Promote an open internet; but don’t overlook internet hate

 The UK takes over the chairmanship of the Council of Europe on 7 November and has made as one of its priorities the promotion of “an open internet, not only in terms of access and content but also [in terms of] freedom of expression.”  Without question, an open Internet has allowed the free exchange of knowledge and information, and has played a critical role in established and emerging democracies.  Free expression on the Internet is to be valued and promoted. 

But as MP John Mann (Bassetlaw), Chair of the Parliamentary Committee Against Anti-Semitism, pointed out in remarks he made on 27 October on the floor of the House of Commons with respect to the Government’s Open Internet priority for the Council of Europe, “Freedom of expression is not always a good thing.”   Mr. Mann observed: “The internet is now the place where anti-Semitic filth is spread, be it the old hatreds, the blood libels, the resurrecting of the protocols of the Elders of Zion, or the new hatreds caused by a failure to differentiate between legitimate criticism of the state of Israel and attacks on Jewish people.

A wide array of offences is being committed on the internet, across Europe and across this country today, and there have been new developments in recent times. Social media sites such as YouTube carry videos, and social networking sites such as Facebook publish messages promoting anti-Semitic themes. In blogs, not least those in online newspapers, a particular theme will give rise to a string of anti-Semitic or other offensive hate messages aimed at a specific group. That is one of the problems and dilemmas surrounding the internet.”

Indeed, just moments before John Mann delivered his remarks in the House of Commons, upstairs in a Parliament meeting room,  the  Inter-Parliamentary Coalition for Combatting Anti-Semitism (ICCA) Task Force on Internet Hate (of which Mr. Mann is a member) was concluding its first hearing on the nature and extent of Internet hate, and its effects.  Joining Mr. Mann on the Task Force (which is still in formation) are parliamentarians from Spain, Estonia, Lithuania and Israel (home of the other Task Force co-chair, Minister Yuli Edelstein); representatives of NGOs such as the Anti-Defamation League and the Center for Democracy and Technology; internationally-recognized Internet experts and scholars; and representatives of Facebook (Lord Richard Allan) and Google. The Task Force has been formed by the ICCA to expand the coalition’s general mission of fighting anti-Semitism to combating all forms of online hate including areas such as racism, Islamophobia, homophobia and misogyny.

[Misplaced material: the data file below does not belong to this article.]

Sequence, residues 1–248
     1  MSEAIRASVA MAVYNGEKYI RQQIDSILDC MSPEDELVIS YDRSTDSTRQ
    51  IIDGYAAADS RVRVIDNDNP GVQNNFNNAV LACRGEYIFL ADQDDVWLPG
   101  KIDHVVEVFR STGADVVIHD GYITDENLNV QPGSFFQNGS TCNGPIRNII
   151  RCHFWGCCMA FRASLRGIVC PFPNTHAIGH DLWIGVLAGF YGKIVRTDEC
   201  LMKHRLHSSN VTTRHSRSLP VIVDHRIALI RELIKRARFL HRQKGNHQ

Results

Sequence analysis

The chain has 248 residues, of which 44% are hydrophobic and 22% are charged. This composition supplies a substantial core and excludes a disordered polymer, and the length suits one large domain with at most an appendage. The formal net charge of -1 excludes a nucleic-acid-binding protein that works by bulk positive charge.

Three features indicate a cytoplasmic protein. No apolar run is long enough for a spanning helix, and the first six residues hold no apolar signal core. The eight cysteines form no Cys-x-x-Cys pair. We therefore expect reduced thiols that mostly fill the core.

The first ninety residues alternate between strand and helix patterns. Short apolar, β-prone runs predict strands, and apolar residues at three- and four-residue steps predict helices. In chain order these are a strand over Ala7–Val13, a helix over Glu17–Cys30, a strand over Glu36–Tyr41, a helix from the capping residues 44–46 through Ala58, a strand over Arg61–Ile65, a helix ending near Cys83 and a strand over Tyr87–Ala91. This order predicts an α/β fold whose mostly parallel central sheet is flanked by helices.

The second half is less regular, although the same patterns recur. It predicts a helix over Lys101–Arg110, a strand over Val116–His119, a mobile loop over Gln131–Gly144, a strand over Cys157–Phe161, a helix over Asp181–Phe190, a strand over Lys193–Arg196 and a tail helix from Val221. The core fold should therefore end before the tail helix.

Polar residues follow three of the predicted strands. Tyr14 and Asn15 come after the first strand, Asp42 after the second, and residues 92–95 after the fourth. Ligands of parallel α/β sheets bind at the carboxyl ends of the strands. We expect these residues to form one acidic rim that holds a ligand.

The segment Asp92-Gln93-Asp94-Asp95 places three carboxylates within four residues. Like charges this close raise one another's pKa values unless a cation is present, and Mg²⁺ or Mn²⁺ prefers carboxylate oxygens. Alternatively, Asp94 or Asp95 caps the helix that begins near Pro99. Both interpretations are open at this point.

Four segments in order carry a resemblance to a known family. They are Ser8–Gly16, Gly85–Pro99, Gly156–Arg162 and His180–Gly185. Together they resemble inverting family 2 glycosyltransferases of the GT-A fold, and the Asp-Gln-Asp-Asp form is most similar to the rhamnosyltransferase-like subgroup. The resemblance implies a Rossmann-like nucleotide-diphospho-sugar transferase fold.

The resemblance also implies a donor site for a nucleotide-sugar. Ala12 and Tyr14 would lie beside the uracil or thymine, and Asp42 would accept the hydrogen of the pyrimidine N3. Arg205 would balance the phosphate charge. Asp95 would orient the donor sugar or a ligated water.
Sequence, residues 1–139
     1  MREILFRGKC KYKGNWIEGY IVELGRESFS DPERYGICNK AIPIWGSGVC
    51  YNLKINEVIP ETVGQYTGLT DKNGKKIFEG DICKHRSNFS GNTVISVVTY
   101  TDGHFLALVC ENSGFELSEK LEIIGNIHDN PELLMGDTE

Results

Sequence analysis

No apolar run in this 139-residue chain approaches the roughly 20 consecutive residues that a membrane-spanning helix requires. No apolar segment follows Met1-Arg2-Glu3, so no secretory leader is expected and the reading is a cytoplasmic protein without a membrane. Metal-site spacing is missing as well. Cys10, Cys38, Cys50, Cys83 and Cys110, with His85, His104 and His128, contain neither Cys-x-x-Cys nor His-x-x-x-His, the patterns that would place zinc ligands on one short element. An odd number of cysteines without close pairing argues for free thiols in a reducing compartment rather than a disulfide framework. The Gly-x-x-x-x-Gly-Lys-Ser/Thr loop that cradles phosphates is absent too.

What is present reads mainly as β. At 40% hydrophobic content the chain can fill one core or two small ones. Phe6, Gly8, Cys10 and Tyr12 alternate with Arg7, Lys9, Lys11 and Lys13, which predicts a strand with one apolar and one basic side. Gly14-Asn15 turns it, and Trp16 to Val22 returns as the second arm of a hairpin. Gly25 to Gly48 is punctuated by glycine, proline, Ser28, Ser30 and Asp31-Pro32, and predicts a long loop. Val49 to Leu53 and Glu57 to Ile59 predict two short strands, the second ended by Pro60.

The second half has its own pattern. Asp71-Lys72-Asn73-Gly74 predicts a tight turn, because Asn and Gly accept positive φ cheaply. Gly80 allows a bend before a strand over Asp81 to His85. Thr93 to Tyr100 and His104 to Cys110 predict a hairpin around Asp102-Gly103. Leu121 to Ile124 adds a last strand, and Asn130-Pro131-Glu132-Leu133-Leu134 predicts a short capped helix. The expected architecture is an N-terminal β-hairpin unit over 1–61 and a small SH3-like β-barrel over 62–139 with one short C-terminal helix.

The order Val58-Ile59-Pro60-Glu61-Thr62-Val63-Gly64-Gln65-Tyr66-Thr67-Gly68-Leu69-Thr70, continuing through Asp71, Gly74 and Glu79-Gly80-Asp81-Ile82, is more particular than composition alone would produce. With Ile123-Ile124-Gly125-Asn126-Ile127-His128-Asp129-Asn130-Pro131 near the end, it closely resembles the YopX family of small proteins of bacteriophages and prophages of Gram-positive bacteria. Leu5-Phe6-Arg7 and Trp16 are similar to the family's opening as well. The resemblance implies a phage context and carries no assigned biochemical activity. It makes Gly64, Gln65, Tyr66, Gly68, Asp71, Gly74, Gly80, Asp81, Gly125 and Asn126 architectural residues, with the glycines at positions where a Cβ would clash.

The Task Force took evidence from witnesses and experts from around the world on the types of proliferating hate speech appearing on the internet, the various online media through which it appears and regional characteristics of online hate around the world. The hearing also highlighted the impact that internet hate can have, including its role in fostering hate crimes and other violence.   The tragedy in Norway last summer was discussed by a Norwegian sociologist, and the case was cited of the murdering white supremacist in Washington, DC who killed a guard at the US Holocaust Memorial Museum

The Task Force received a voluminous written record (compiled by volunteer lawyers in the US and UK at Hogan Lovells) on the scope of Internet hate.  And it heard how prior to the Internet, haters were relegated to using the mail to communicate their hatred and rage with like-minded haters. The only place for them to have their benighted views applauded was in sporadic clandestine meetings.

The Internet changed all that. Extremists have found the Internet a boon to their warped causes.  They set up web sites, post videos, manage online stores selling recordings and clothing with hate slogans, and more, to bolster their fellow haters, and to recruit and indoctrinate new generations of haters.   And average people, using the mask of anonymity, find  they can vent rage by attacking minorities, even in the comment section to routine news stories (as Mr. Mann pointed out in his floor remarks).   

The perniciousness of hate on today’s Internet is that the more one sees it, the more one is likely to consider it normal, and acceptable. Good people are numbed by the proliferation, and daunted by the task of responding. Others consider it a reflection of what is acceptable in society. And then there are some on the fringe, like the killer of a guard at the Holocaust Museum in Washington DC, who use such content as justification for murder.

The work of the ICCA Task Force will continue, and the group will help to fashion recommended responses to Internet hate, such as education, counter-speech and an increased role for Internet intermediaries to exercise their right to maintain a civil Internet.  Likewise, it is hope that the UK government will keep in mind that with an open internet comes a duty to fight online hate.

Christopher Wolf is co-chair of the Inter-Parliamentary Coalition for Combatting Anti-Semitism Task Force on Internet Hate – a pro bono role he has assumed as a partner at Hogan Lovells US LLP